Title

But Can She Cook? - Women's Education and Housework Productivity

Document Type

Article

Publication Date

12-1-2004

Department

Political Science, International Development, and International Affairs

Abstract

Previous inquiries into the relationship between education and housework productivity reveal that expectations differ along disciplinary (i.e., economics vs. non-economics) lines and empirical results from the economics literature are mixed. Expectations of a positive sign between education and housework productivity in the economics literature may be a function of misinterpretations of [J. Polit. Economy 81 (1973) 306] original theory pertaining to all nonmarket production, which is far more general than just housework. Mixed empirical results may be a function of incomplete or overly assumption-reliant econometric models derived previously. We streamline the procedures for estimating the parameters of a cone-person, one-period housework production function such that the system of equations may be specified with a single, literature-based assumption. Our estimation of the production function parameter that measures the effect of education on housework productivity suggests that authors in the non-economics literature may have a point; the relationship between education and housework productivity may be negative due to,'morale" effects. (C) 2004 Elsevier Ltd. All rights reserved.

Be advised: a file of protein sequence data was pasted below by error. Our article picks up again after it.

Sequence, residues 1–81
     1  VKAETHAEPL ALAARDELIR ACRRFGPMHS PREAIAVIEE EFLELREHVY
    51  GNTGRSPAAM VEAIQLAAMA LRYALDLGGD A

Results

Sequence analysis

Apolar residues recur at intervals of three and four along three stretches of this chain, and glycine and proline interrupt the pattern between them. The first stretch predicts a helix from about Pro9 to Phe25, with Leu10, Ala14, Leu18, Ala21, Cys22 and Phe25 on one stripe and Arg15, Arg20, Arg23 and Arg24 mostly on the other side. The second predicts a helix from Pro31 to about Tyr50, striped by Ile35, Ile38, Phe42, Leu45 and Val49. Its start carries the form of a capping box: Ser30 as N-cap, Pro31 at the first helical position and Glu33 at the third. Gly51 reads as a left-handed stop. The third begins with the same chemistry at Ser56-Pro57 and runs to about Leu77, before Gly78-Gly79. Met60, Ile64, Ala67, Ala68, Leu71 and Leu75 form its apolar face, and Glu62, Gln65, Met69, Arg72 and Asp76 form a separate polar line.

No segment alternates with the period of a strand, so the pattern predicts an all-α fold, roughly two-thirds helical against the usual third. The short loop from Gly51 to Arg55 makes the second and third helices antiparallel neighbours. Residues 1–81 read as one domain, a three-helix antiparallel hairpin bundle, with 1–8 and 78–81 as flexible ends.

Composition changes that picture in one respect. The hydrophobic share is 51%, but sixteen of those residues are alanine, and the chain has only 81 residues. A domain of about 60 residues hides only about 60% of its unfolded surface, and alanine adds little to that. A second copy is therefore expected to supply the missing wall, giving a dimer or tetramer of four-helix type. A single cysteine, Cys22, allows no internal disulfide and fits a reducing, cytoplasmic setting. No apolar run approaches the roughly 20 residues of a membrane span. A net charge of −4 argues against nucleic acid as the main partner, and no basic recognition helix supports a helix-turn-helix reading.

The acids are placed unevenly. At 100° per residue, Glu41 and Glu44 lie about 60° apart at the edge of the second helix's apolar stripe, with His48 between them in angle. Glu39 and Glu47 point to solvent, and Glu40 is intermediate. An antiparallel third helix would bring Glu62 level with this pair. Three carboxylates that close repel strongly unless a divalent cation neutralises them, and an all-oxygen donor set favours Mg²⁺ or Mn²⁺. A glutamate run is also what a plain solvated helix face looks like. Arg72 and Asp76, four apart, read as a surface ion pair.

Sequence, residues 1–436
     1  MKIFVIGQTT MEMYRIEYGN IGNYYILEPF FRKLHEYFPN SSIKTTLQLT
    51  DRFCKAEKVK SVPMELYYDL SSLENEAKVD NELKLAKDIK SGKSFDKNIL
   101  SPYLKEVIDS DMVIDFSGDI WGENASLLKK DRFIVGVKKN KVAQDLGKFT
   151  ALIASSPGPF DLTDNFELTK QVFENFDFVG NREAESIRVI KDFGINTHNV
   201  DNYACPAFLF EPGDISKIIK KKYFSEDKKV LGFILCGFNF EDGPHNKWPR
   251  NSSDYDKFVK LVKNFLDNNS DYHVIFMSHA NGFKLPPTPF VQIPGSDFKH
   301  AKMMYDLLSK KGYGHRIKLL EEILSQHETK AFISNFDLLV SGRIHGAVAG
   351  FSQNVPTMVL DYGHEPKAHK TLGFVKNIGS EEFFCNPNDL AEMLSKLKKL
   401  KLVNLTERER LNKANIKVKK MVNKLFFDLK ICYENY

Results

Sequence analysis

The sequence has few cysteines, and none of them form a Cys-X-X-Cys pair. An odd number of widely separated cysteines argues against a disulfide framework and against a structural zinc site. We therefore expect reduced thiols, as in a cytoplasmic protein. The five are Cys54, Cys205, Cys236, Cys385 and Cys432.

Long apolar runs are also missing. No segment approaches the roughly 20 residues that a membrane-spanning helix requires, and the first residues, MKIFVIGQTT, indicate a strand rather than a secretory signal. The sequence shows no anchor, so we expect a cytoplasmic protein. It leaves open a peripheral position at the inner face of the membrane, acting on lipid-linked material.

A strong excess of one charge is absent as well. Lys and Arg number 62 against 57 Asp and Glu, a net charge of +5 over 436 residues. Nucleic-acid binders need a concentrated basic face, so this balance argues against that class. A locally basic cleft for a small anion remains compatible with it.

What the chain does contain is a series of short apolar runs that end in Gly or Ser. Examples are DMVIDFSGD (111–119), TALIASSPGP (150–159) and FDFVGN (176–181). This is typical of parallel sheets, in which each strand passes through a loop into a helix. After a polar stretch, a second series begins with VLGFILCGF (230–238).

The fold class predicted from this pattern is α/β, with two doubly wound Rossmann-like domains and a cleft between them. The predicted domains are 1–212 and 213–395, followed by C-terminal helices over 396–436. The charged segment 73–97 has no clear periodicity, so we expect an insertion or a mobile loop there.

Publication Title

Economics of Education Review

Volume

23

Issue

6

First Page

605

Last Page

614